Article Date: 3/1/2010

Simultaneous Vision: The Science Behind the Art
MULTIFOCAL CONTACT LENSES

Simultaneous Vision: The Science Behind the Art

Learn the real meaning of simultaneous vision and why it's important in practice.

By Pete Kollbaum, OD, PhD, FAAO

As I sat down to write this piece on "simultaneous vision," I did what I imagine any good "scholar" would do these days — I Googled it. In 0.2 seconds, I had access to 5,490,000 different entries. Catching my eye was the third entry on the list: "Simultaneous vision – Umberto Boccioni." Upon clicking this link, I learned that an artist named Umberto Boccioni (1882-1916) had painted a piece called "Simultaneous vision" in 1912 (Figure 1).

Figure 1. "Simultaneous vision" by Umberto Boccioni.

As I stared at this piece, which is classified as a form of cubism, and futilely tried to make sense of it, something clicked. If fitting simultaneous-vision contact lenses is described as an art, maybe the art of fitting these contact lenses is as easily misunderstood as my view of this painting. In this article, I'll aim to clarify potential areas of misunderstanding about the science behind simultaneous-vision contact lens designs. Then, I'll highlight how some of these design features have been optimized in Ciba Vision's new Air Optix Aqua Multifocal lens.

WHAT DOES "SIMULTANEOUS VISION" MEAN?

In the clinical literature, simultaneous-vision contact lenses are often said to form a "distance image" and "near image." As a result, some have argued that these lenses should in fact be called "simultaneous image" lenses. Regardless of what they're called, the terminology used to describe these lenses has the potential to be confusing.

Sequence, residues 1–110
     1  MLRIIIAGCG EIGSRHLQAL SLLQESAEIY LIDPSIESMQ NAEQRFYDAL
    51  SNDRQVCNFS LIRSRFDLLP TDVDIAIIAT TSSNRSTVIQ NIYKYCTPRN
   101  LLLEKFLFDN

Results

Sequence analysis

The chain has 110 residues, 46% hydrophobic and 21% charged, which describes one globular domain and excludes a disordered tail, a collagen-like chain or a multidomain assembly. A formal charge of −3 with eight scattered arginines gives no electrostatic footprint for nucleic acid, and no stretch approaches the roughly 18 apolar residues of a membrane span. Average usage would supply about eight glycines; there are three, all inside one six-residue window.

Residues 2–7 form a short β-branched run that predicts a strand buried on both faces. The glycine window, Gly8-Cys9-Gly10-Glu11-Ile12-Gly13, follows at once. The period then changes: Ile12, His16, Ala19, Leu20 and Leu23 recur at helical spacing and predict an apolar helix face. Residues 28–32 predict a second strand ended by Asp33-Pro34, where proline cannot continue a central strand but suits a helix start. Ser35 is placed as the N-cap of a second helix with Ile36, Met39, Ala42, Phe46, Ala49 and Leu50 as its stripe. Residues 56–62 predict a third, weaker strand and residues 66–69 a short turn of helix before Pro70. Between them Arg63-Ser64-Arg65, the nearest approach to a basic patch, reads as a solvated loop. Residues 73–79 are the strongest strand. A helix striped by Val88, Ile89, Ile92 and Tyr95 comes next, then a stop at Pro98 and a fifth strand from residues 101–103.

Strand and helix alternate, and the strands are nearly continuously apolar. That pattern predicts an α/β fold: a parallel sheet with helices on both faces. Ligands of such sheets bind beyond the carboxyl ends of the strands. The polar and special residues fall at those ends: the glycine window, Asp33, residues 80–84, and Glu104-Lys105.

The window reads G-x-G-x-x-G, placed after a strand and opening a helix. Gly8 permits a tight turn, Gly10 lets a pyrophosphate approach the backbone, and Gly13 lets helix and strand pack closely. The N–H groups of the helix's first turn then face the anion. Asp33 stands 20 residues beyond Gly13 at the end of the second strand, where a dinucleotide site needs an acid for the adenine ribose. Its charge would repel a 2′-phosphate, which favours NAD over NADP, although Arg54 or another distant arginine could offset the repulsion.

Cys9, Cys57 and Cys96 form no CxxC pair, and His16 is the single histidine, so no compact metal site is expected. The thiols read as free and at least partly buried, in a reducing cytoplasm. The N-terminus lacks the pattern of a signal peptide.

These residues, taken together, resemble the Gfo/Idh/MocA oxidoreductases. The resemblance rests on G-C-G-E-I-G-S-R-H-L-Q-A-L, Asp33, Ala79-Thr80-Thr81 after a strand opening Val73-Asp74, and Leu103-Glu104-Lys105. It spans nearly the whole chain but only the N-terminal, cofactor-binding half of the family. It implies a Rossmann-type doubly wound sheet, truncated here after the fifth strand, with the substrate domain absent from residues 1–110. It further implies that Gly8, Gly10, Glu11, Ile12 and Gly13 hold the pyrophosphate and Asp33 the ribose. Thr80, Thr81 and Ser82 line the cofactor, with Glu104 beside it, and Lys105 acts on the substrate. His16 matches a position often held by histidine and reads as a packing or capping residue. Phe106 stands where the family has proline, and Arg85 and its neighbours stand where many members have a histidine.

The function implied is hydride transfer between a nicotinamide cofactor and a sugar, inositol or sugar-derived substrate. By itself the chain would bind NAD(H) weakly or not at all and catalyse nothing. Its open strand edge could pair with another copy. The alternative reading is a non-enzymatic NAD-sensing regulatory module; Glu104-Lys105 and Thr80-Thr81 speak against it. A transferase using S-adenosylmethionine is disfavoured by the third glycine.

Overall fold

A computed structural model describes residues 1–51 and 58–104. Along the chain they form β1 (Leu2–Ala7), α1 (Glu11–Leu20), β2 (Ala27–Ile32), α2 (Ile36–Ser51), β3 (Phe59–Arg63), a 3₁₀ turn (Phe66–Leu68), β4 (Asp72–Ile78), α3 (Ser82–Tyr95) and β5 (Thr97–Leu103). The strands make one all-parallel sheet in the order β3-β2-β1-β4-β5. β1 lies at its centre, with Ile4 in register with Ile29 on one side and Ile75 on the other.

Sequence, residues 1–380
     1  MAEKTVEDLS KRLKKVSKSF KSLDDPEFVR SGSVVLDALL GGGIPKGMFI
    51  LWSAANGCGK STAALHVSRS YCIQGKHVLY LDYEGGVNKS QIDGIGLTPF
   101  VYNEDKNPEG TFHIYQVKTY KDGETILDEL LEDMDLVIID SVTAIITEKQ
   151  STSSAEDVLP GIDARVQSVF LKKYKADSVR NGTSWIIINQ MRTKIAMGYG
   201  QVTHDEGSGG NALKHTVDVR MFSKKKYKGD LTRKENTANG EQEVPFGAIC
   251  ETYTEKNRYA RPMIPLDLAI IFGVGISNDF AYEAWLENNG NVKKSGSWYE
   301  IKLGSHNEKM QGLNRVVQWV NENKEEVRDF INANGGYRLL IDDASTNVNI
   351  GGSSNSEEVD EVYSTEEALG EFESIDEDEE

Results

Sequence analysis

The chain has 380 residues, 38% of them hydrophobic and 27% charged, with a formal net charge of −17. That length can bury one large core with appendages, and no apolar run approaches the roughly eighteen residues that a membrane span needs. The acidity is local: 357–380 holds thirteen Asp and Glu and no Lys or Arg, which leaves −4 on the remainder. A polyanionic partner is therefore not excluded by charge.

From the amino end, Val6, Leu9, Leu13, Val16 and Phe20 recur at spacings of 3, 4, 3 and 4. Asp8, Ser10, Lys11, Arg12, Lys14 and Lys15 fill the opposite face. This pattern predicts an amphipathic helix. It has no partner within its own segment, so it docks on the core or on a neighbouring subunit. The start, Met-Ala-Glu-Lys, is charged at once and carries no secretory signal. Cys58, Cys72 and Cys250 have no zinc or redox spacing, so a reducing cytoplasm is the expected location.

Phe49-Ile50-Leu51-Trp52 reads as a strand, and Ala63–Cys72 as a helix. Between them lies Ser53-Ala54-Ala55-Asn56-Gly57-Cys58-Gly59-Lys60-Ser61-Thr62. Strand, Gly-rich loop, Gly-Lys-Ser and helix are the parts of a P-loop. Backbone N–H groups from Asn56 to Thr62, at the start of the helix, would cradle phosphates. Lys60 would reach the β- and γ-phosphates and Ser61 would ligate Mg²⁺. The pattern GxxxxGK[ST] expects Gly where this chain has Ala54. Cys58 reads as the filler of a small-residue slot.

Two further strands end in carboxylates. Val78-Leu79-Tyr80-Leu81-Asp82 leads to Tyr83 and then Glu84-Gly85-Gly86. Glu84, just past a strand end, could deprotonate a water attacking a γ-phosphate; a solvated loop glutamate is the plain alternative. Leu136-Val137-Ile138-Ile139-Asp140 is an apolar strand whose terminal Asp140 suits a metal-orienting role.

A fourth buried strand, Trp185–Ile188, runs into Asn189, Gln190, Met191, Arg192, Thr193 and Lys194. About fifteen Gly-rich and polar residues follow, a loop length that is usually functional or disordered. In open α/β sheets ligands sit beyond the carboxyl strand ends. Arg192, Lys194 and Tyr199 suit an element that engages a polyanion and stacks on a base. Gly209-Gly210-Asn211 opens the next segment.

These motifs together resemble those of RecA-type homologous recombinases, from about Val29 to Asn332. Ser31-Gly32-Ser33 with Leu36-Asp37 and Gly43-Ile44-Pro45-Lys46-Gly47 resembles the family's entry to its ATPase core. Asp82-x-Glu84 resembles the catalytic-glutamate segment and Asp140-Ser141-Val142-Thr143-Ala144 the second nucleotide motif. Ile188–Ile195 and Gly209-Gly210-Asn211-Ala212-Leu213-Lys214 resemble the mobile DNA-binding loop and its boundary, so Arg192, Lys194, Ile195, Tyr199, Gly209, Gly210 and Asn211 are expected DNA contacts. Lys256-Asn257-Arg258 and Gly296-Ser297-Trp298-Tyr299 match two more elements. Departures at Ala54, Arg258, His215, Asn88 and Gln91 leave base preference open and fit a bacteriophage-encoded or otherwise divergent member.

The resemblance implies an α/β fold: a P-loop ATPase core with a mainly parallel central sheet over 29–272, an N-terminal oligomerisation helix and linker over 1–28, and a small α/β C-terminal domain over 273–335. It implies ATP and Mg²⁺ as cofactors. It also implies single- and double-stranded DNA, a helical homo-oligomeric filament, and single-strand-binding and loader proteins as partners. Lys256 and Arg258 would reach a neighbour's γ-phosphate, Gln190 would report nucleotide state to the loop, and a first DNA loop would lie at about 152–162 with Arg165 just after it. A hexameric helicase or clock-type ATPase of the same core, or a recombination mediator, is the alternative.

This is because the target can be "distant" or "near," while the powers of the lens are also referred to as "distant" or "near." So, when the terms "distant" or "near" image are used, it�s sometimes unclear if this means the image of a distant (or near) target, or the image produced by the distance (or near) optics. A possible solution is to refer to the object distance as well as the portion of the lens creating this image when describing the optics of these lenses.

It's important to remember that regardless of the target viewing distance, the portions of the lens containing a distance refractive and near refractive power will both contribute to the image that is formed. For example, assuming a perfect correction of the eye's distance spherical power, when viewing a distant object, the light passing through the distance-powered portion of the lens will be focused on the retina, while the light passing through the near-powered portion of the lens will generate a defocused image surrounding the focused image. Conversely, when the target is at the correct near-viewing distance, the near-powered portion of the lens will focus the light on the retina, whereas the light through the distance-powered portion of the lens will generate a defocused image. In both of these cases, the resultant image is that of a sharp image superimposed over a defocused image. This defocused image is sometimes described as "ghosting" by a lens wearer. By manipulating either the lens optics or how this lens positions on the eye, the location of the defocused image relative to the focused image can be altered.

As the location of the focused and defocused images can be altered by the lens design, so can the intensity of the defocused image relative to the focused image. This can be done by altering the percentage of the pupil that's covered by the near- and distance-focusing portions of the lens. For example, Figure 2 shows three different cases where the same pupil size is used to view a distant target. In one case, 70% of the pupil area is covered by the near-focusing portion of the lens (Figure 2a). In another, an equal percentage of the pupil is covered by the near and distance-focusing portions of the lens (Figure 2b). In the last image, 70% of the pupil area is covered by the distance-focusing portion of the lens (Figure 2c). Notice that when viewing at distance, the instance where most of the light is passing through distancefocusing optics (Figure 2c) looks the best.